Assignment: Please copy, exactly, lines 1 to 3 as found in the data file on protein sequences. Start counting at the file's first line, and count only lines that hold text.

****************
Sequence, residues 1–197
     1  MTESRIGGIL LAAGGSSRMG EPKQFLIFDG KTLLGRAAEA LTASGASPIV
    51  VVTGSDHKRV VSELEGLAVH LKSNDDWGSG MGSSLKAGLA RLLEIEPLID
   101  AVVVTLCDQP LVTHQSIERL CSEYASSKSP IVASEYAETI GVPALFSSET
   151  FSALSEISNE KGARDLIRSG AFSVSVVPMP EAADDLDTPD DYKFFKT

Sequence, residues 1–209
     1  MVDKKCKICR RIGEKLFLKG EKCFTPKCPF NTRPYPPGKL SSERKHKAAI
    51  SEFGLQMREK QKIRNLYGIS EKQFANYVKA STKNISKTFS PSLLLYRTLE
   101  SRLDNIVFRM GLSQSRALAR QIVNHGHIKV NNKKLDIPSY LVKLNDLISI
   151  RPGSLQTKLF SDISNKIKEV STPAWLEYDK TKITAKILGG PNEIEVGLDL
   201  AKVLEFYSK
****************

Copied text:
Sequence, residues 1–197
     1  MTESRIGGIL LAAGGSSRMG EPKQFLIFDG KTLLGRAAEA LTASGASPIV
    51  VVTGSDHKRV VSELEGLAVH LKSNDDWGSG MGSSLKAGLA RLLEIEPLID